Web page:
Additionally, the second-hand copy of Tess that I picked up came with another unusual bookmark (remember the old CN ticket holder that I got with Thomas Mann's Death in Venice, Tristan, and Tonio Kröger) a lovely postcard.

It is likely you can't read what is on the back so here it is; "Dear Jackie,
Just about to sail back from Dublin, it's been really good. I'm now knackered, fat, I have blood shot eyes. Bought us some gin... been a bit naughty though and opened it the night we met a bunch of rugby players! Tell you later! You should have been there- maybe come next time. See you next weekend?
All my love
Kaz xx"

We can only guess what Kaz was up to with those gin-chugging rugby players!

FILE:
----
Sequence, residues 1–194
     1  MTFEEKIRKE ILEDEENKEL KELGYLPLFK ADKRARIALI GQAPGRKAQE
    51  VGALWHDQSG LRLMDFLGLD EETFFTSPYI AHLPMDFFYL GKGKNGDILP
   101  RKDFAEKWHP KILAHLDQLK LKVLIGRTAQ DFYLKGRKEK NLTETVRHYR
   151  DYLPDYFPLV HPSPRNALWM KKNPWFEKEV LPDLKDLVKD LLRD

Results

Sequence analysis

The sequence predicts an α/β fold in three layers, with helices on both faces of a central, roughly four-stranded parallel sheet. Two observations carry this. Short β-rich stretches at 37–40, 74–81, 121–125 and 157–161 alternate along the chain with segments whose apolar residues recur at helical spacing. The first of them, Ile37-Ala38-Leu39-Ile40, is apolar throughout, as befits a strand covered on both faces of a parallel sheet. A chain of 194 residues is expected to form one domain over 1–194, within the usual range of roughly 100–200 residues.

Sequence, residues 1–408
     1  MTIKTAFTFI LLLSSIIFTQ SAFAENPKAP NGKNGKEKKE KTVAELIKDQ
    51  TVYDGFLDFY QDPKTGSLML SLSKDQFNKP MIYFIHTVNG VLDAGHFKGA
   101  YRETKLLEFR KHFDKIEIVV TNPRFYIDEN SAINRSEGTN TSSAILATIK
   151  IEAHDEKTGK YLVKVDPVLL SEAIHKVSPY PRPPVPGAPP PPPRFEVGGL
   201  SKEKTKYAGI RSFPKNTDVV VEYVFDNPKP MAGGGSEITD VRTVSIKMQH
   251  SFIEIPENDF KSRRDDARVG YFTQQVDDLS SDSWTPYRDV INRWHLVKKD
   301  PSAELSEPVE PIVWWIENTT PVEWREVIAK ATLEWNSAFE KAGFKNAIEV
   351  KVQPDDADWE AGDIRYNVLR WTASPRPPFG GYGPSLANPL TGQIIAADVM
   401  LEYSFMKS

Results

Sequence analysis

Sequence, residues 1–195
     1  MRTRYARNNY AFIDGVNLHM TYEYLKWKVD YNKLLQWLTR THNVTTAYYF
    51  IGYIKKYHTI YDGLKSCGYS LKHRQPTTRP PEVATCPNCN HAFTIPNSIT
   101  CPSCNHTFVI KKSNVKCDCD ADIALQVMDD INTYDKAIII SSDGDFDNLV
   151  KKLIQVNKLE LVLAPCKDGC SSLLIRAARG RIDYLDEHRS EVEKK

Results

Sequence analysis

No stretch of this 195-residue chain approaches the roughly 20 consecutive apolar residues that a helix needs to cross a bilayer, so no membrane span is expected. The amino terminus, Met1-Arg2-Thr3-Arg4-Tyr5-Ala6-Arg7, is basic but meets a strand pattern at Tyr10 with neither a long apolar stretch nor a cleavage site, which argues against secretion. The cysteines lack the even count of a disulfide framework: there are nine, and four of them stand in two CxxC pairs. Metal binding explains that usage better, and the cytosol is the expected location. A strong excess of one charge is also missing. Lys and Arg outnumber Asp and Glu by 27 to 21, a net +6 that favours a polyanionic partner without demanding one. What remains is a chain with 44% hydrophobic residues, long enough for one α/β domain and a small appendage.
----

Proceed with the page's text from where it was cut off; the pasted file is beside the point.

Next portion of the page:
The edition I read was ISBN: 0-14-043-135-7.

Hardy, Thomas. Tess of the d'Urbervilles. Markham: Penguin Books, 1983. Print.
Lodge, David. The Art of Fiction. Toronto: Penguin Books, 1992. Print.

Monday, October 3, 2011

The Trial

Huh?!? What?!? How?!? Why?!? These monosyllabic words will fill your head continually as you read Franz Kafka’s The Trial (165 pages). You are instantly dragged into the realistic, yet non-sensical, world Kafka has created for this novella.

Kafka manages to make you feel just as lost as Josef K., the main character, in the events that make up the year of The Trial. When K. is confused, you are confused. When K. questions the ‘facts’ provided to him around the mysterious laws, you question those facts. When K. considers just giving up, you consider just putting down the book because you can’t make sense of it (although you won’t because you really want to see how it all ends).

I am arguably very judgmental of fictional characters and either root for, or against, them continually throughout the course of a narrative. However, I found myself constantly torn between deeming K. the victim or viewing him as an arrogant arse!